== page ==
Economists graphically represent the relationship between product price and quantity demanded with a demand curve. Typically, demand curves are downwards sloping, because as price increases, buyers are less likely to be willing or able to purchase whatever is being sold. Each individual buyer can have their own demand curve, showing how many products they are willing to purchase at any given price, as shown below. This graph shows what Jim's demand curve for graham crackers might be:
To find out how many boxes of graham crackers Jim will buy for a given price, extend a perpendicular line from the price on the y-axis to his demand curve. At the point of intersection, extend a line from the demand curve to the x-axis (perpendicular to the x-axis). Where it intersects the x-axis (quantity) is how many boxes of graham crackers Jim will buy. For instance, in the graph above, Jim will buy 3 boxes when the price is $2 a box.
Typically, economists don't look at individual demand curves, which can vary from person to person. Instead, they look at aggregate demand, the combined quantities demanded of all potential buyers. To do this, add the quantities which buyers are willing to buy at different prices. For instance, if Jim and Marvin are the only two buyers in the market for graham crackers, we would add how many they are willing to buy at price p=1 and record that as aggregate demand for p=1. Then we would add how many they are willing to buy at price p=2 and record that as aggregate demand for p=2, and so on. This results in the following graph of aggregate demand for graham crackers:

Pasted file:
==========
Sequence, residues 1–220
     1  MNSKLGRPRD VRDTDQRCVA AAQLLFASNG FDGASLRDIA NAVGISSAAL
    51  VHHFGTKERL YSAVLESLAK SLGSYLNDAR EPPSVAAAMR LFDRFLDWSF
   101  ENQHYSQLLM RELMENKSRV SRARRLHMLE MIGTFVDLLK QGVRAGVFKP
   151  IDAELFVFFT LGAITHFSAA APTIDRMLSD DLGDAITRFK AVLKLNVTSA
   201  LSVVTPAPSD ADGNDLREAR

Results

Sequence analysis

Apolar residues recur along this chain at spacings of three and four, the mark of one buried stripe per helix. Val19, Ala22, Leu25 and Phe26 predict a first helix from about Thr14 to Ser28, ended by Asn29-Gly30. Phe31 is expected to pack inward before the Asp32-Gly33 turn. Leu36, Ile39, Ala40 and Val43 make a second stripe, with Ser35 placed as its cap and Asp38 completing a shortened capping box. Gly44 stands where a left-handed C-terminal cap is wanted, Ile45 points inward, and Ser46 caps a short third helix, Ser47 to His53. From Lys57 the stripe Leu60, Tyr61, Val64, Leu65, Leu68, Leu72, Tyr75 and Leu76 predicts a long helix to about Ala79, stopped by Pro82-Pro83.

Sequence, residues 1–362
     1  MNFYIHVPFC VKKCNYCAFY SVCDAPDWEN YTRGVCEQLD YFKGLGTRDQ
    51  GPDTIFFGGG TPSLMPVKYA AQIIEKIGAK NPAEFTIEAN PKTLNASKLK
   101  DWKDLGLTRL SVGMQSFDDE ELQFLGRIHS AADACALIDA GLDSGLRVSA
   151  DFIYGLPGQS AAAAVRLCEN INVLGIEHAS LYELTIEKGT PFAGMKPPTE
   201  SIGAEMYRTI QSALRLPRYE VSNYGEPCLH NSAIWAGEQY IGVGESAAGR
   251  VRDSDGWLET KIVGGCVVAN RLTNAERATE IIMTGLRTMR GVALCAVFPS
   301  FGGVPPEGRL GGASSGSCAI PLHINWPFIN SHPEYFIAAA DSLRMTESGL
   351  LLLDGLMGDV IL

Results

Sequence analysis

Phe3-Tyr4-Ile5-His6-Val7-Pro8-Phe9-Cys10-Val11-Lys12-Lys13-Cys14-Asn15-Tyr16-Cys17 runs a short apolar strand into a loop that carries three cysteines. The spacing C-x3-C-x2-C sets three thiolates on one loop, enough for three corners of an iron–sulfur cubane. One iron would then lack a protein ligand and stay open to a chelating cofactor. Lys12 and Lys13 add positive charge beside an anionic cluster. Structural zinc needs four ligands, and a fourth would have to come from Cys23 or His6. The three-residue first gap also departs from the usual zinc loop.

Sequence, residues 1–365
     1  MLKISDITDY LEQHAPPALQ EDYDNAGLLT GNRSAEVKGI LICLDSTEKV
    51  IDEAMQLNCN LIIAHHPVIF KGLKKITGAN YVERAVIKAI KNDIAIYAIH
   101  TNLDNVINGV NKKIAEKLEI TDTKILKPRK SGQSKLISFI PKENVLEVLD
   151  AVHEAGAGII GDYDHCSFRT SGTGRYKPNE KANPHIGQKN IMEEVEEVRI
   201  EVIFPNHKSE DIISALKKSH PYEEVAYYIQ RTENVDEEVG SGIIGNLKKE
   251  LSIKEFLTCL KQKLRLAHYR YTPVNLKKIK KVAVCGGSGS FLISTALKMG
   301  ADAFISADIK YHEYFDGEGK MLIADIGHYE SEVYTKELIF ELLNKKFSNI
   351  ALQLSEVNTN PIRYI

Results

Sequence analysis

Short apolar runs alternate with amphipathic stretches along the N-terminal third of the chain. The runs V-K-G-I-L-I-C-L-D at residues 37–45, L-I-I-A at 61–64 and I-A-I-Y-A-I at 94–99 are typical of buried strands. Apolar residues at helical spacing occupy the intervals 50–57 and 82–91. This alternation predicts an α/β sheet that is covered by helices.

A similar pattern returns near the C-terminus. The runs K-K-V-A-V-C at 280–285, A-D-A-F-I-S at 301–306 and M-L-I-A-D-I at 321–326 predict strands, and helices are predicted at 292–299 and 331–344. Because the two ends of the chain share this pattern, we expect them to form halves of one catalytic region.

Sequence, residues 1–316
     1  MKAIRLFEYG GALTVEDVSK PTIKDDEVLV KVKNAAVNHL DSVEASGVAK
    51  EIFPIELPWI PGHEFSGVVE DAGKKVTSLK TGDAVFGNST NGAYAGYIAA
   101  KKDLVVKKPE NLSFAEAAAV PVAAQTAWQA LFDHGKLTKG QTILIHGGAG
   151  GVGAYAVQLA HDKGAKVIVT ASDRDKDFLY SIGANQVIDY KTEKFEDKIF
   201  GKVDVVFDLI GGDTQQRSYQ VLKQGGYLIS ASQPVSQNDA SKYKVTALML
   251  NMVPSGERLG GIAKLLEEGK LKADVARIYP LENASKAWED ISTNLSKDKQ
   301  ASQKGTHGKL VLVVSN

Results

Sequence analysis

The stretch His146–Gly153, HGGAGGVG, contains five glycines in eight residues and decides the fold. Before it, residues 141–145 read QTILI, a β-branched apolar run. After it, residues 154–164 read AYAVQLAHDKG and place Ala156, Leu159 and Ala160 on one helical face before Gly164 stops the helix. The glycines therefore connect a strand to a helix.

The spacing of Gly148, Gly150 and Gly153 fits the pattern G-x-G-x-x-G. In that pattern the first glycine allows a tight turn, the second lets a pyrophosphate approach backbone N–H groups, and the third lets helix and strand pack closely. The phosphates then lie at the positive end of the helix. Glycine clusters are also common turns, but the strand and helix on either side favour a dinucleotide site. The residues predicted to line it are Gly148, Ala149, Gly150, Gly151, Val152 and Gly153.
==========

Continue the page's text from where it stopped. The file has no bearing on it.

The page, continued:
This method is called horizontal addition because you look at a price level, and add the separate quantities demanded across that price level, giving you total quantity demanded for that price.
There are many factors that can affect demand quantity, including income, prices, and preferences. Let's look at one good to see how this works. How much are you willing to pay for a cold soda? If you recently got a raise at your job, you might not mind buying a pricier soda, even if you don't need it. Your friend who has less money, however, might pick a generic brand, or they might stick with tap water. Below are possible demand curves for you (with your big raise) and your friend (without your big raise). Note that you are willing to buy more soda than your friend is:
What if soda cost a dollar yesterday and costs two dollars today? That might make you think twice about getting the same soda you drank yesterday. Likewise, if it cost two dollars yesterday and a dollar today, you might be more willing to buy the soda than usual. We can see this on the graph on a single demand curve. When the price is a dollar, the quantity demanded is higher than when the price is two dollars. What this means in the real world is that if two companies charge different prices for the same good, the company that charges a lower price will get more customers. (Exceptions to this general rule may occur when there is a real or perceived difference in quality of the goods being sold).